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Guide Dogs wanted to raise awareness of its services for children, which include everything from teaching young children to use a cane to preparing for their first day at school — so the charity turned to YouTube to help make it happen


The Guide Dogs for the Blind Association, known by the working name Guide Dogs, is a well-regarded charity, but many people aren’t aware that the organisation’s offerings go beyond its best-known canine services. The not-for-profit entity was keen to raise awareness of its services for children, which support some of the 35,000 children and young people living with a vision impairment in the U.K.

“Our research shows that few people know about the range of services we offer, or people we support,” explains head of brand Pip Brady. “Along with guide dogs and buddy dogs for children, we also provide emotional support to families of children with a vision impairment, we provide technology and sensory equipment to the children including CustomEyes Books, which are books tailor-made to suit each child’s eye condition, we offer education support and help the children learn invaluable skills for life as well as help them develop through play. In addition to this, we arrange family activity days and events for children and parents to meet other families.

“With this campaign, we wanted to increase awareness of these broader services, showing how we can support people with sight loss from the day they’re born, and in the case of this advert with the big milestone of starting school.”

The charity’s aim was to share this message with a broad audience in order to get the word out to a younger group. Data from an earlier campaign in March 2020 had shown an increase in engagement for the charity’s adverts on YouTube, particularly when viewed on television screens, findings that Guide Dogs decided to act on.

“YouTube’s performance for the previous campaign was fantastic. We were getting engagement across mobile — and we were seeing an increase in YouTube videos viewed on television,” says Janine Duggan, senior digital marketing and planning manager at Guide Dogs. “So we increased our resources and efforts for the next campaign, not just editing down TV adverts but also storyboarding for channel-specific content. In addition to this, we created supporting content for YouTube only, such as behind-the-scenes videos, and interviews and soundbites with the stars of the advert.”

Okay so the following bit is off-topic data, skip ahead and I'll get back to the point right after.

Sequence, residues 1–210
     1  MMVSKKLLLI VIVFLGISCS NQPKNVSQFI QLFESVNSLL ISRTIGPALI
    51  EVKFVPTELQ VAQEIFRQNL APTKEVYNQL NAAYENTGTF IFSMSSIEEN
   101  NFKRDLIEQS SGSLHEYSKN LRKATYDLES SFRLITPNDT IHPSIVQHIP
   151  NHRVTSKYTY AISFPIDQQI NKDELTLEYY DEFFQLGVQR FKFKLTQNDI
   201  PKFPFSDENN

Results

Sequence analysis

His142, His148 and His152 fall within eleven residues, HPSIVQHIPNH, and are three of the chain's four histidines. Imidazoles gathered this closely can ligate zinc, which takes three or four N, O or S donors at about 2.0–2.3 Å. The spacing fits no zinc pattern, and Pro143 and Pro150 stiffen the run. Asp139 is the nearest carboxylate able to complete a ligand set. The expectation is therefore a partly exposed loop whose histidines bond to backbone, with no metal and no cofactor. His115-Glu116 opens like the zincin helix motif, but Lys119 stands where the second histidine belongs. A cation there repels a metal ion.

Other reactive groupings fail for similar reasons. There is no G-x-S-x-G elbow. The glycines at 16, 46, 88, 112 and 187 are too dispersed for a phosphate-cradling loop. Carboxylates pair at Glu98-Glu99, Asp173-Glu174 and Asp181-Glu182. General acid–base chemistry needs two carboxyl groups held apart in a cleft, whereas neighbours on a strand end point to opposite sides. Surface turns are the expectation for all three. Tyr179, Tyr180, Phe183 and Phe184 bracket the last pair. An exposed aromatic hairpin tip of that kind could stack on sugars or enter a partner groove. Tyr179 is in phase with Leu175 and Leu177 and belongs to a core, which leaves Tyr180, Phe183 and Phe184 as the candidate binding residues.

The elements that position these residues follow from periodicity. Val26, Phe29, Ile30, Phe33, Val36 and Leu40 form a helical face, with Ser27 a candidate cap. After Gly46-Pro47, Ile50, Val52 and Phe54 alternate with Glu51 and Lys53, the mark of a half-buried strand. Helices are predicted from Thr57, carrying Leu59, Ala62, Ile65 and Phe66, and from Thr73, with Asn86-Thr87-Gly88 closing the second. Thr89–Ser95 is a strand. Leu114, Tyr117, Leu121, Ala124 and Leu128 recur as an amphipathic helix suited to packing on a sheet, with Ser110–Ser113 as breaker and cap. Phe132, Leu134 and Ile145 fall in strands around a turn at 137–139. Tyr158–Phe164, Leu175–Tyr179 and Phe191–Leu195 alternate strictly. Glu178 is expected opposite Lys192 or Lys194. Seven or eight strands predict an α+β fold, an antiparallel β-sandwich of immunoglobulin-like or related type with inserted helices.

The charity began filming in June 2020 amid COVID restrictions, telling the story of five-year-old Nell, who lives with a vision impairment, and showing her learning to navigate her new school before the first day of term. The advert appeared online at the end of August 2020, to coincide with the return to school for most children, and the Guide Dogs team were astounded by its success on YouTube.

“Our primary objective was one of brand awareness and reach, and we did really well with our YouTube campaign — achieving almost 11.5 million impressions, which was 186% up against our initial forecast,” reveals Janine. “We saw over 3.1 million completed video views, which was 101% of forecast.”

Guide Dogs also benefits from a monthly Google Ad Grants bursary of $10,000, which is utilised in addition to the charity's own marketing spend across Google Search ads and YouTube. “Even though this was an awareness campaign built to optimise reach, we generated over 11,000 click-throughs — which was 148% of forecast,” says Janine. “It showed that it was worth making the investment in the specific video style for the platform, and has put YouTube very much on our radar, moving forward. Our plan is to use YouTube and a number of Google tools and initiatives to raise more money, gain more volunteers, and help even more children.”

“Our primary objective was one of brand awareness and reach so we did really well with our YouTube campaign — achieving almost 11.5 million impressions, which was 186% against our initial forecast.”


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